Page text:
I don’t remember what mom said that day in the supermarket, but I can tell you that while she had been the object of many, many racist remarks and challenging situations in her life, she was not entirely prepared for what happened that day. That’s not to say she didn’t talk about the reality of how our family was different from others. To try to address the dearth of literary references to kids who looked like me, my mother physically altered my childhood books, using markers to make one parent brown and other other white, while the child originally drawn remained white-appearing, like me. But the scene in the supermarket still took her by surprise.

Confrontations over race can still catch Americans unprepared, such as when Rachel Dolezal, the now-former head of the Spokane, Washington chapter of the NAACP, appeared on the media radar. Dolezal, who stopped by Salon recently to talk with me on her book tour, was born white but identifies as black and calls herself “transracial.”

Dolezal was “outed” two years ago by her biological parents for not being black as she had claimed, and subsequently resigned from the NAACP. She became a polarizing figure under heavy media scrutiny as she appeared to dodge questions about her unconventional chosen identity. She has been unable to continue to work as a university instructor of African and African American art history, and to this day is despised by many observers, black and white, for posing as a black person.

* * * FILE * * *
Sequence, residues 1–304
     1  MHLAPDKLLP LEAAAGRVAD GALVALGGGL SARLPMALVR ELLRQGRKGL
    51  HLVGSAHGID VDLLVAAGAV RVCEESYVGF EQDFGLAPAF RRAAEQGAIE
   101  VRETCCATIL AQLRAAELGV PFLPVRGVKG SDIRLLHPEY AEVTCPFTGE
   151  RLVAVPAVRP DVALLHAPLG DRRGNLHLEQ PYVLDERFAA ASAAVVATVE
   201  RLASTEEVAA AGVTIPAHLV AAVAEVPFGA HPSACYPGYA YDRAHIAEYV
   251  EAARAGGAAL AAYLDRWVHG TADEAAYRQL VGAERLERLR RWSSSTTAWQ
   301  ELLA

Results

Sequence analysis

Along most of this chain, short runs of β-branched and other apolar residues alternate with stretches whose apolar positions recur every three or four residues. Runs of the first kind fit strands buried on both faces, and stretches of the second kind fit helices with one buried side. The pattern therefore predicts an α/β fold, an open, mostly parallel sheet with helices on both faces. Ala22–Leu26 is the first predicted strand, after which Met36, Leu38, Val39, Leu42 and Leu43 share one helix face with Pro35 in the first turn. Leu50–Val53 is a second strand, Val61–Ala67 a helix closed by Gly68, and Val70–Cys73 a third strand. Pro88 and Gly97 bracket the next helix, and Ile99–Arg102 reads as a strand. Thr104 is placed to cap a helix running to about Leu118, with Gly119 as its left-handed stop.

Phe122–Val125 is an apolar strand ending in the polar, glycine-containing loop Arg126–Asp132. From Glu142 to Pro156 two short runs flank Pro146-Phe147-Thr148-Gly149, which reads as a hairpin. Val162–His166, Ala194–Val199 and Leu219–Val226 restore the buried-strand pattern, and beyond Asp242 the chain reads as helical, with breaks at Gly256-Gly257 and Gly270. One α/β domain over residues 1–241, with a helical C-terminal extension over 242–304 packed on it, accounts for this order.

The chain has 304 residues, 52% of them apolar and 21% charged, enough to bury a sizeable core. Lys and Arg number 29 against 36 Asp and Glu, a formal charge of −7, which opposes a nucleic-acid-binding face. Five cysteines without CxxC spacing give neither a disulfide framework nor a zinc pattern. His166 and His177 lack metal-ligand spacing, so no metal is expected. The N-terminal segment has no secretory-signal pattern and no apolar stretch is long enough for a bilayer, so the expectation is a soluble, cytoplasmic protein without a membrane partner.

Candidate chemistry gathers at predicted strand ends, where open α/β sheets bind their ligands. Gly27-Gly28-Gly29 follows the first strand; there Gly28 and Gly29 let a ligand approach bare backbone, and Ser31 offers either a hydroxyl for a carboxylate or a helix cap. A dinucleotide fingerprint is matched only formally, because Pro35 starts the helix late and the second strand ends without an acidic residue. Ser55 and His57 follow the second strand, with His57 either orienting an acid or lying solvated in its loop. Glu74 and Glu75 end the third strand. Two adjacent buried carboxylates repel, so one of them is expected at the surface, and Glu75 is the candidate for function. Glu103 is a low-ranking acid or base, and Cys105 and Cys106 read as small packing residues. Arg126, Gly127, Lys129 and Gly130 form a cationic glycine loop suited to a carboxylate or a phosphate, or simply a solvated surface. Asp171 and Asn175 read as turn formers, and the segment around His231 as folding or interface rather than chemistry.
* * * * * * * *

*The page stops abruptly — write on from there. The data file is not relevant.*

My Salon colleague D. Watkins, an African American writer from Baltimore, wondered why Dolezal couldn’t just “use her whiteness to advocate for black people,” rather than making up and living in her own fantasy world where race and ethnicity no longer cause any social or political delineations. He is one of many to hold this opinion, and it’s one I agree with.

Rebecca Carroll wrote for Dame in 2015 about what she calls Dolezal’s “apocalyptic, White privilege on steroids” with a palpable anger shared by many people of color. When I talked to my childhood writing mentor Barbara Campbell, a former New York Times reporter who is African American and has two multiracial sons, she wondered about Dolezal with a mix of anger and genuine confusion. “What is wrong with that woman? I feel empathy for her, because she is clearly delusional, but she can step out into the world as a white woman any time she wants to stop being ‘black.’ Black women don’t have that luxury.”

Campbell explained that growing up in St. Louis, she had many light-skinned relatives who resembled Dolezal and could “pass” for white, but otherwise lived their lives as people of color. “They would go to ‘work white,’ because they could earn more money and get better-paying jobs, but then they would go home and be black.”

But this Dolezal thing — this is a horse of another color entirely. Why, wondered many, would someone white want to live within the very real challenges of being black in America, when she had a choice? Dolezal’s explanation? She doesn’t define herself by race, just a feeling of affinity with the black culture she’s always had.